Here is a question it would have seemed incredible to pose as recently as five years ago: are the liberal elites on the wrong side of history? Are they about to succumb to that favourite feature of university examination papers “a historical watershed”? Consider the accumulating evidence.
Last weekend, in the first round of the Austrian presidential election, Norbert Hofer, the candidate of the Freedom Party (FPO), led the poll with 36.4 per cent. The candidates of the governing coalition parties were in fourth and fifth place, each with a humiliating 11 per cent of the vote, and are eliminated from the second round where Hofer will face a run-off against Green candidate Alexander Van der Bellen.
The Austrian and EU establishment is now investing all its hopes in the supporters of the other candidates uniting to stop Hofer in the final round on 22 May. Since Van der Bellen’s platform is an open-doors policy for immigrants, while Hofer’s victory is attributed to the influx of 90,000 migrants into Austria in the past year, his appeal to voters may be less seductive than the establishment hopes.
This is just the latest shock for the European elites. Earlier this month the Dutch electorate, in a referendum, voted down a proposed treaty between the EU and Ukraine. That, of course, was the “wrong” result. For fear of serial embarrassment by the untutored public, the Dutch minister of the interior has already said he will “look more closely” at the referendum law. A Dutch minister with his finger in the dyke of public opinion is an accurate metaphor for the beleaguered condition of the political establishment. Geert Wilders’ PVV party is leading the polls in the Netherlands.
Marine Le Pen similarly heads the polls for next year’s presidential election in France. The insurgency is now ubiquitous. In Germany last month voters delivered a rebuff to Angela Merkel, provoked by her immigration policy, with Alternative für Deutschland (AfD) – a party that did not even exist four years ago – taking 24.4 per cent of the vote in Saxony-Anhalt and doing well everywhere else that was contested. In Poland and Hungary the victory over the discredited establishment has already been won, with the electorates voting into power, with overall majorities, governments that reject the Brussels agenda and instead reflect the national will.
In Britain, the mere fact the Leave campaign in the EU referendum seriously threatens Remain is a seismic change. The response from the threatened elites has been to unite against the perceived danger of the popular will prevailing. In the United States, the two surviving establishment (Ted Cruz now rates that label) candidates in the presidential race have formed an alliance to stop Donald Trump. How insulting is it to the voters of Oregon and New Mexico that Ted Cruz will cut campaigning for their support, while John Kasich will reciprocally snub Indiana?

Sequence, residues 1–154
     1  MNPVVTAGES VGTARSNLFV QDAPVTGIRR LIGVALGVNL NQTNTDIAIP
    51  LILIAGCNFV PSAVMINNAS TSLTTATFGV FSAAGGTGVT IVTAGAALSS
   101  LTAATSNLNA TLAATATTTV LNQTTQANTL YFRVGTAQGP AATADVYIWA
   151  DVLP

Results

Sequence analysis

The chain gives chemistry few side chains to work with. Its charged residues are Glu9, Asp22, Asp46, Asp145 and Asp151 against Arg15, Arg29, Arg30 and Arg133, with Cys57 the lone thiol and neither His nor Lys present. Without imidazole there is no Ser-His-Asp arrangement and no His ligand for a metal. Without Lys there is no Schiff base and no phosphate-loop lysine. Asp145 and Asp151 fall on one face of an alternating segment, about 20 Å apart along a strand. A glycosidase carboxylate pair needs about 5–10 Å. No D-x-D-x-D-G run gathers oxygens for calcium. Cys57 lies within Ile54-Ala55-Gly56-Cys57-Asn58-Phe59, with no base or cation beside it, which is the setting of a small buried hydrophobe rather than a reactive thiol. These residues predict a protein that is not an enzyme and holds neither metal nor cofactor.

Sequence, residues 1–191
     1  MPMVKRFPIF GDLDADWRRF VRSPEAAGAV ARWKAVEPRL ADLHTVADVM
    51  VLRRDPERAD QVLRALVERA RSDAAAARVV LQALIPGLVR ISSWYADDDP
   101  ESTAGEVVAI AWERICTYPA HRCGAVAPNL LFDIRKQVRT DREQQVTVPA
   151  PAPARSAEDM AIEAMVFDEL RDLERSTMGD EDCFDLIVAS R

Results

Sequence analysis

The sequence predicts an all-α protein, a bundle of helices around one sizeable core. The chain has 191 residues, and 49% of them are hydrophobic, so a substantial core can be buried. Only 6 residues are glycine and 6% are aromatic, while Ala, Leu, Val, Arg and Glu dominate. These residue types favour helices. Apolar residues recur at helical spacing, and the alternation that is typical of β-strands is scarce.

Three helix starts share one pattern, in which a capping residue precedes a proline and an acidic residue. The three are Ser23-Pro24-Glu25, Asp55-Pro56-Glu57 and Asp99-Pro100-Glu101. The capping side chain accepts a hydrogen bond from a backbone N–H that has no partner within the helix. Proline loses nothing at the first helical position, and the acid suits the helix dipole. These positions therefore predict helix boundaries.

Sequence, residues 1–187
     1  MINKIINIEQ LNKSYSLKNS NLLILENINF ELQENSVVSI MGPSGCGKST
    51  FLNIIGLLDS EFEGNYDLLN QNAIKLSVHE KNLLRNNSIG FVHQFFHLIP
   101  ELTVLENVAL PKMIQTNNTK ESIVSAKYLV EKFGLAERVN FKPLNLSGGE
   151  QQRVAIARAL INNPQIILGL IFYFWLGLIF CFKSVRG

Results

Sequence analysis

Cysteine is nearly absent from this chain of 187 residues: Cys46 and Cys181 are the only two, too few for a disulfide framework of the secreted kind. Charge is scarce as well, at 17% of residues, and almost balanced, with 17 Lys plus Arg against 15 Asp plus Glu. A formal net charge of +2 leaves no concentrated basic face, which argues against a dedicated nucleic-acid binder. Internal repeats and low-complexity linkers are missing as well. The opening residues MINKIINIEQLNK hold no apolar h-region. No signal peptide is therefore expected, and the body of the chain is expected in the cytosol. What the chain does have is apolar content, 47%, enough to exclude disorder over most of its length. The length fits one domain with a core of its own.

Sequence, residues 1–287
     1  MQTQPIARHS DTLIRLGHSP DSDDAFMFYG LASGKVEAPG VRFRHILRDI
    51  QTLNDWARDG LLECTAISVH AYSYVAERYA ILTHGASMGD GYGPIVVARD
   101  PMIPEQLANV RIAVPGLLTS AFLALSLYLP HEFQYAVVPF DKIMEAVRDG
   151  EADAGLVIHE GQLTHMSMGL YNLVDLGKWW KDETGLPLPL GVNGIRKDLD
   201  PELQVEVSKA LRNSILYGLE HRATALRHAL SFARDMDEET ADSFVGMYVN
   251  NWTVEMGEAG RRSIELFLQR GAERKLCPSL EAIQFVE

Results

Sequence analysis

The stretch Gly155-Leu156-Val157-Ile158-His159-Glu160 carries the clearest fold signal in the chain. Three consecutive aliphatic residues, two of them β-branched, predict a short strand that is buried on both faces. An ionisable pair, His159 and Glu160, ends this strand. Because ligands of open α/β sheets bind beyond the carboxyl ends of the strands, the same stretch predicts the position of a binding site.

Donald Trump has 845 delegates to Ted Cruz’s 559. Today is another Super Tuesday, with five states voting and 172 delegates available. Trump has poll leads ranging from 26 to 38 per cent across all five states. Even if, eventually, he rolls into the GOP convention 20 delegates short, if backroom deals were to cheat him of the nomination, even the National Guard could not contain the resulting explosion.
What is helicopter money and how does it work?
As I learned when I spoke about it in 2002, the imagery of “helicopter money” is off-putting to many people. But using unrealistic examples is often a useful way at getting at the essence of an issue.  The fact that no responsible government would ever literally drop money from the sky should not prevent us from exploring the logic of Friedman’s thought experiment, which was designed to show—in admittedly extreme terms—why governments should never have to give in to deflation.
In more prosaic and realistic terms, a “helicopter drop” of money is an expansionary fiscal policy—an increase in public spending or a tax cut—financed by a permanent increase in the money stock.  To get away from the fanciful imagery, for the rest of this post I will call such a policy a Money-Financed Fiscal Program, or MFFP.
To illustrate, imagine that the U.S. economy is operating well below potential and with below-target inflation, and monetary policy alone appears inadequate to address the problem. Assume that, in response, Congress approves a $100 billion one-time fiscal program, which consists of a $50 billion increase in public works spending and a $50 billion one-time tax rebate. In the first instance, this program raises the federal budget deficit by $100 billion. However, unlike standard fiscal programs, the increase in the deficit is not paid for by issuance of new government debt to the public. Instead, the Fed credits the Treasury with $100 billion in the Treasury’s “checking account” at the central bank, and those funds are used to pay for the new spending and the tax rebate. Alternatively and equivalently, the Treasury could issue $100 billion in debt, which the Fed agrees to purchase and hold indefinitely, rebating any interest received to the Treasury. In either case, the Fed must pledge that it will not reverse the effects of the MMFP on the money supply (but see below).
From a theoretical perspective, the appealing aspect of an MFFP is that it should influence the economy through a number of channels, making it extremely likely to be effective—even if existing government debt is already high and/or interest rates are zero or negative. In our example the channels would include: